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Ranking the Supporting Characters of ‘The Post’

In addition to Meryl Streep and Tom Hanks, equally talented actors in surprisingly small roles fill Steven Spielberg’s latest movie

Amblin Entertainment/DreamWorks/Ringer illustration

The Post is one of those movies put on this earth to get nominated for and win Oscars. Does it have a timely message that reflects the pulse of the nation? Check. Is it directed by an acclaimed filmmaker? Check. Is it a period piece? Check. Does it have Meryl Streep or Tom Hanks in wigs? Actually, it has both.

However, the real key to Steven Spielberg’s latest is what he does to round out the rest of the film, which is stacked with side characters played by very talented actors. In some cases, the star of a hugely popular Netflix series is there to deliver only a few lines of exposition—it’s really an embarrassment of riches. It’s like if an NBA team’s bench was eight Andre Iguodalas deep.

Naturally, some of The Post’s many side characters—we’re counting 15 who have at least some meat to their roles—stood out more than others, whether through performance, amount of screentime, or the importance of the character's role in the real-life events that shape the movie. But who is the most important glue guy or gal? Let’s count it down.

15. Pat Healy

Where you’ve seen him: Captain America: The Winter Soldier, Take Me, The Assassination of Jesse James by the Coward Robert Ford

Who he plays in The Post: Philip Geyelin, Washington Post editor

Why he’s ranked here: The only time I even remember Geyelin in the film is when he happens to be on the call during which Washington Post publisher Katharine Graham (Meryl Streep) decides whether to publish the Pentagon Papers or not. Even then, he isn’t saying much and looks totally stoned.

14. Stark Sands

Where you’ve seen him: Inside Llewyn Davis, Minority Report TV series

Who he plays in The Post: Don Graham, Katharine’s son and future Washington Post publisher

Why he’s ranked here: His biggest contribution is snacking in an office and questioning his mother’s decision to take the company public. Not great.

13. David Cross

Where you’ve seen him: Arrested Development, The Increasingly Poor Decisions of Todd Margaret, Mr. Show With Bob and David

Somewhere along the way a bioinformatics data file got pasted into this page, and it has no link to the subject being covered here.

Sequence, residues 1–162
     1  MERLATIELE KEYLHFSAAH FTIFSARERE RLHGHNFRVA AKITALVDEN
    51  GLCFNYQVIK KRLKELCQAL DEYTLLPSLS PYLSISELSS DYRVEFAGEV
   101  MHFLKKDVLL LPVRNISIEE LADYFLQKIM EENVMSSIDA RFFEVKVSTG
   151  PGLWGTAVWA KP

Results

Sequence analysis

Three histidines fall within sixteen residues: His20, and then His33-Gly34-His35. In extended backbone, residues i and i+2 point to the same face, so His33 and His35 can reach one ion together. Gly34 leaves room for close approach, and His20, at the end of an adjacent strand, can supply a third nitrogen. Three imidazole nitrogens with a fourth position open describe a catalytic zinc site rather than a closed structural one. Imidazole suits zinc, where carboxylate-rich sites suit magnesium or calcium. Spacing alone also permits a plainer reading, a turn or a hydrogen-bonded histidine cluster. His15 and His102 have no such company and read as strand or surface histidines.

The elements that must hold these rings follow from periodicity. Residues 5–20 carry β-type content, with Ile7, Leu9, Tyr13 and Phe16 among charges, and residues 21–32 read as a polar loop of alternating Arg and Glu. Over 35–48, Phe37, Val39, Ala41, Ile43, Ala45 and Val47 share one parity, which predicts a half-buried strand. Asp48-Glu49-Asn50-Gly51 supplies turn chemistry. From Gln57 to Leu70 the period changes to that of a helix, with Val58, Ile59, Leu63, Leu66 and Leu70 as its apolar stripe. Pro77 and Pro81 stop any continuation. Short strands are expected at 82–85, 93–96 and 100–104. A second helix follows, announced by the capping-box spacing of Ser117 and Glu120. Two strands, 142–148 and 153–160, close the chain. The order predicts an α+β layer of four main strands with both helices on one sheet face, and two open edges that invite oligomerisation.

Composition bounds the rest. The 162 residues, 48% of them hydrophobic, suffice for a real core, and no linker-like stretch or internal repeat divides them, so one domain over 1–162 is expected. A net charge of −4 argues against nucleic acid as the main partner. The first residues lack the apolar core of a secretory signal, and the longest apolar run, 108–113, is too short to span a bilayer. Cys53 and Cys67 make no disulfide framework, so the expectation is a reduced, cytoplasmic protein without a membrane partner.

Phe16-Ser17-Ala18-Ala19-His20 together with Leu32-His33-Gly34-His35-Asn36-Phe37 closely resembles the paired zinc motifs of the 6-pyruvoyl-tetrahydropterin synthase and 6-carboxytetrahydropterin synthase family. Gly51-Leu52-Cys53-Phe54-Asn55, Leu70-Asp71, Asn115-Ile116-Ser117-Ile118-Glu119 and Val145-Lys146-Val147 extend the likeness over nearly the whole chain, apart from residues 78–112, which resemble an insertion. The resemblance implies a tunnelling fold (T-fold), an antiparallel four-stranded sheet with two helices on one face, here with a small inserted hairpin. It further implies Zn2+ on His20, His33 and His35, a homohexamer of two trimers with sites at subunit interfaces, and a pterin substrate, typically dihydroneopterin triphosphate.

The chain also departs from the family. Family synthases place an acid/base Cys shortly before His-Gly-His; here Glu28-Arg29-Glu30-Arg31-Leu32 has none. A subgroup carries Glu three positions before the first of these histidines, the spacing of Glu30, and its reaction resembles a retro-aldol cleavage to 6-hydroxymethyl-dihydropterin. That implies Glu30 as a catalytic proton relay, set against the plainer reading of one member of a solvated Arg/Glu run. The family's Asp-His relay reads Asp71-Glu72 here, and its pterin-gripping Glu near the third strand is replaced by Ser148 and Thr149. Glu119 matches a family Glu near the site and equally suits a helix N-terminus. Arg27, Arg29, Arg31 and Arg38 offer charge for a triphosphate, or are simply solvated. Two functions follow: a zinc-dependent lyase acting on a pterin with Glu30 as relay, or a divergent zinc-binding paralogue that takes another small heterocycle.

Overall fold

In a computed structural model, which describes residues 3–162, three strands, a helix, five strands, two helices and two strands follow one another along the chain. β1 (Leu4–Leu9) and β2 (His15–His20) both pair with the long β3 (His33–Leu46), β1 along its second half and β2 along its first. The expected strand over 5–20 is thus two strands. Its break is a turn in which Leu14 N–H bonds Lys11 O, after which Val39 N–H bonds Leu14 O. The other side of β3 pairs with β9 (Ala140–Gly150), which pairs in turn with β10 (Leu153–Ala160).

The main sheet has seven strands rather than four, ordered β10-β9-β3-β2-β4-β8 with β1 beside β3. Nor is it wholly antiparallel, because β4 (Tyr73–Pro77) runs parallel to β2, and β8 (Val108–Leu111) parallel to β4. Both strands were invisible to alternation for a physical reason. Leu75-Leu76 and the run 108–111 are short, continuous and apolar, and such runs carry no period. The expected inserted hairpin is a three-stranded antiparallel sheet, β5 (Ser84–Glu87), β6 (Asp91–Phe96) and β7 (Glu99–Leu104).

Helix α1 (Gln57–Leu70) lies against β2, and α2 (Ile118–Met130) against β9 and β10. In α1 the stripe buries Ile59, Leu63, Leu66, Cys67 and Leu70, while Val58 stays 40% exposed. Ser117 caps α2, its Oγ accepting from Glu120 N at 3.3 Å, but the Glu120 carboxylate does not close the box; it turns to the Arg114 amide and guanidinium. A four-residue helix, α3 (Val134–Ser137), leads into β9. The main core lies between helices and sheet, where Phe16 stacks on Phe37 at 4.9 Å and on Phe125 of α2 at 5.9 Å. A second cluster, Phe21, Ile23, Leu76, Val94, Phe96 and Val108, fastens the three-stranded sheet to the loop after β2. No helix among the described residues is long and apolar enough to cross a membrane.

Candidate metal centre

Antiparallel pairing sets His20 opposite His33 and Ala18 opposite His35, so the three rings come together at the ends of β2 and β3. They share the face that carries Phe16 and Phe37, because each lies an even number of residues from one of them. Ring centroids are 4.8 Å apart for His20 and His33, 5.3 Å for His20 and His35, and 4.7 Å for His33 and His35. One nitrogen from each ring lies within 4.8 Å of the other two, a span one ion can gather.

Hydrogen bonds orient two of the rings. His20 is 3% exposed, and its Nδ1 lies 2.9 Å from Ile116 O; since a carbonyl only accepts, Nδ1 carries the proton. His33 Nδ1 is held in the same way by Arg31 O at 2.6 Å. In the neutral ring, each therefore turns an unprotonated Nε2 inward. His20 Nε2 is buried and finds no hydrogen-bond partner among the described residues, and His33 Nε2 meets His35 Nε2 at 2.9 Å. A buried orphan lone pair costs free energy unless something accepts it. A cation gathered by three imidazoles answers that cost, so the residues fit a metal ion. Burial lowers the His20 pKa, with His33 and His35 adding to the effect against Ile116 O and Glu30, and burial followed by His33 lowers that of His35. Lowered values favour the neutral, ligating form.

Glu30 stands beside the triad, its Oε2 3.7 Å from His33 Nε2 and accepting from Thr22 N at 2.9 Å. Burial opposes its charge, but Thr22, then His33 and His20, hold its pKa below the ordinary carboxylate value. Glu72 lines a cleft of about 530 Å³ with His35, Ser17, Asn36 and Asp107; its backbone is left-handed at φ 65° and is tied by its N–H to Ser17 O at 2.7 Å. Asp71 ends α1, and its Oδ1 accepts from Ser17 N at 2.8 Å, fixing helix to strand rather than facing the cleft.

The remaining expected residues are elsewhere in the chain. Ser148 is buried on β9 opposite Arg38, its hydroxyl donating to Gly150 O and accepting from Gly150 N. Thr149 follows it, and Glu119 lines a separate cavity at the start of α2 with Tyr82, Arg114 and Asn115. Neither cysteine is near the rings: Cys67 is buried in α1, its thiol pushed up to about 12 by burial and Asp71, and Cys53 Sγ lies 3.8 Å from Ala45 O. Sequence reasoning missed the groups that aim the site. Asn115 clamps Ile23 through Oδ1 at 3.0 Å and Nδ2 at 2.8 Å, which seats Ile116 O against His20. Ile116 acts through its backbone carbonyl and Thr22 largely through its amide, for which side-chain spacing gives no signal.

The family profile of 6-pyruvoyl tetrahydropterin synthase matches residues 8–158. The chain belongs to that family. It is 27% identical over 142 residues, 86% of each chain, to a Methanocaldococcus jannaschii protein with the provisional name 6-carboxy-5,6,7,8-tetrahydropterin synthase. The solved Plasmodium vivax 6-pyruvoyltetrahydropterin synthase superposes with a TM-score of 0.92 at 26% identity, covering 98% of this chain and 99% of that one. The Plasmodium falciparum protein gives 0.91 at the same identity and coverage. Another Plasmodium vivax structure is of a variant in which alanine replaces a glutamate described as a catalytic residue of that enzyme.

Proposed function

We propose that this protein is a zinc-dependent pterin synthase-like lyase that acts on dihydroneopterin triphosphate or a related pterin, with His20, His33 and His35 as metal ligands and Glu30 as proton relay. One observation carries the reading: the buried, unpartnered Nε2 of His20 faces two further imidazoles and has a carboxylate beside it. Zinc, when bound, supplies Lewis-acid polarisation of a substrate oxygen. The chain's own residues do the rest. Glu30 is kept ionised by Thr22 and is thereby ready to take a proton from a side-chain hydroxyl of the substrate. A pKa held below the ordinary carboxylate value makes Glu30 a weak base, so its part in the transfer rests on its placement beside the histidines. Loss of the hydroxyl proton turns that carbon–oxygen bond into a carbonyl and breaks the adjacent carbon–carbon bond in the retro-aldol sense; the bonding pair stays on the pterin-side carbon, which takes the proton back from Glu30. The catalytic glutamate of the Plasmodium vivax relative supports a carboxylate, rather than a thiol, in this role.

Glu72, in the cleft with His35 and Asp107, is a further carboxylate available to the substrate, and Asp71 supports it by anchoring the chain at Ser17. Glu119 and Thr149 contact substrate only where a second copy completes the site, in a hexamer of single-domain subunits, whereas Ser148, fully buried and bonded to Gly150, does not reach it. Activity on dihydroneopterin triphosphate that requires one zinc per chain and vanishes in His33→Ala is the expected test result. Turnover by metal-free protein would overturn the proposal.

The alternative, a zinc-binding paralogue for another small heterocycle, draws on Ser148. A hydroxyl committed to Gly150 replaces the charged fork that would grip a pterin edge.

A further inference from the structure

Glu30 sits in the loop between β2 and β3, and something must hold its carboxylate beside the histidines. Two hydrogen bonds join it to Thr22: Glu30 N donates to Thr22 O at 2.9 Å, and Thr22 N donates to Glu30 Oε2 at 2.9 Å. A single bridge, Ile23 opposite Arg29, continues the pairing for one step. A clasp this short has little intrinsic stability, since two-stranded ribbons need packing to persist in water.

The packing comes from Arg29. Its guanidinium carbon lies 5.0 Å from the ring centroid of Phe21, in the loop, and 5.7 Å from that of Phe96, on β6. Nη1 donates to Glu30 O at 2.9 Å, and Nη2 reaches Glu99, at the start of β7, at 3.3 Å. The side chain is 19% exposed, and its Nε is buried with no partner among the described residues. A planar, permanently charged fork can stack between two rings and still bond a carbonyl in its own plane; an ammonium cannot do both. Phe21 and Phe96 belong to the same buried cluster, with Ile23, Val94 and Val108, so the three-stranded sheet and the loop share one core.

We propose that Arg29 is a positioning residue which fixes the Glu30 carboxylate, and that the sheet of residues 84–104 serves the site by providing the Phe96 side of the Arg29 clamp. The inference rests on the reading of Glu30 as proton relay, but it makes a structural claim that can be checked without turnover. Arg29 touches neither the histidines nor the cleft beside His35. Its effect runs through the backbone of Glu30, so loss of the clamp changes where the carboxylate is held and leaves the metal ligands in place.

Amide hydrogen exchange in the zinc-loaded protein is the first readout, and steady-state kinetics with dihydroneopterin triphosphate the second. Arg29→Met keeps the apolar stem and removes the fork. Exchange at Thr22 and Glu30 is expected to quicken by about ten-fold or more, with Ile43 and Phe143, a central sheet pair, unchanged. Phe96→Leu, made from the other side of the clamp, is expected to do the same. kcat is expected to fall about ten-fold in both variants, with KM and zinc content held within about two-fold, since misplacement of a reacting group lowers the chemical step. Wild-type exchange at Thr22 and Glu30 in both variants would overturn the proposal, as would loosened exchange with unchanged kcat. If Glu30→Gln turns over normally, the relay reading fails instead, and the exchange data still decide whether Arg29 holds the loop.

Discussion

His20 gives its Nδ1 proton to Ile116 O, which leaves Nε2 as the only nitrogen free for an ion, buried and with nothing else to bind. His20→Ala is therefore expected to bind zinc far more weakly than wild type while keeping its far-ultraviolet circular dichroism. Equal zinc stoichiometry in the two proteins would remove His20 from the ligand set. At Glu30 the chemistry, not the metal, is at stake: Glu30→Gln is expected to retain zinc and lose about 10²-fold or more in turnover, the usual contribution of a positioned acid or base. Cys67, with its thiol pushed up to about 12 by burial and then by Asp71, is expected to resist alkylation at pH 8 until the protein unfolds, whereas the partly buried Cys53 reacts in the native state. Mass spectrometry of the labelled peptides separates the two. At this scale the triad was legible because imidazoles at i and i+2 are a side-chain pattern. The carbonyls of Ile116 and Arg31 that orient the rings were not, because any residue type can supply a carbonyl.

Who he plays in The Post: Howard Simons, Washington Post managing editor

Why he’s ranked here: When The New York Times beats the Post to publishing the Pentagon Papers, Howard says Ben Bradlee shouldn’t fret because it’s “just one story.” … No, it’s not.

12. Alison Brie

Where you’ve seen her: GLOW, Community, Mad Men, The Little Hours

Who she plays in The Post: Lally Graham, Katharine Graham’s daughter

Why she’s ranked here: Brie is given nothing to do aside from reminding her mother that she and her late father had a very cozy relationship with the Kennedys. Between this, Mad Men, and her too-small role in The Disaster Artist, I think we all need to march on Hollywood on Brie’s behalf.

11. Zach Woods

Where you’ve seen him: The Office, Silicon Valley, Ghostbusters

Who he plays in The Post: Anthony Essaye, lawyer representing the Washington Post

Why he’s ranked here: He has like three lines, which isn’t much even for a Post side character. However, he’s not at the bottom of this ranking because in one of his only scenes, he gets to argue with Hanks’s Ben Bradlee over a pasta dinner.

That’s some weird-looking pasta—like the kind you’d see in a dollhouse—but it’s a really good scene partner for Woods.

10. Jessie Mueller

Where you’ve seen her: In a theater (seriously, this is her first movie role) acting in Waitress, Carousel, Into the Woods, and one episode of Blue Bloods

Who she plays in The Post: Judith Martin, Washington Post reporter

Why she’s ranked here: Martin got booted from covering a Nixon wedding because she referred to Cynthia Nixon as a “vanilla ice cream cone.” That’s just iconic. Unfortunately, Mueller’s Martin doesn’t play any part in publishing the Pentagon Papers. That’s just a letdown.

9. Michael Stuhlbarg

Where you’ve seen him: Boardwalk Empire, Hugo, Doctor Strange, A Serious Man

Who he plays in The Post: Abe Rosenthal, New York Times executive editor

Why he’s ranked here: I didn’t recognize this was Michael Stuhlbarg, because this dude is a chameleon. Seriously, look at him in the stuff he’s been in just this year (Call Me by Your Name, The Shape of Water, The Post, Fargo Season 3) and tell me he doesn’t look like four different people.

8. Sarah Paulson

Where you’ve seen her: American Horror Story, American Crime Story: The People v. O.J. Simpson, Feud: Bette and Joan, 12 Years a Slave

Who she plays in The Post: Tony Bradlee, Ben Bradlee’s wife

Why she’s ranked here: For most of The Post’s runtime, you’re wondering why Sarah Paulson is even here. Her big contribution to the Pentagon Papers being examined by members of the Post is providing sandwiches. Excuse me, Mr. Spielberg, this is an Emmy-winning actress trapped in the role of a thankless housewife. Nobody puts Paulson in a corner. Fortunately, she gets a small bit of redemption at the end of the movie, when her character reminds her husband that, as a woman and publisher of the paper, Graham has a lot more to lose than he does if the Supreme Court indicts them.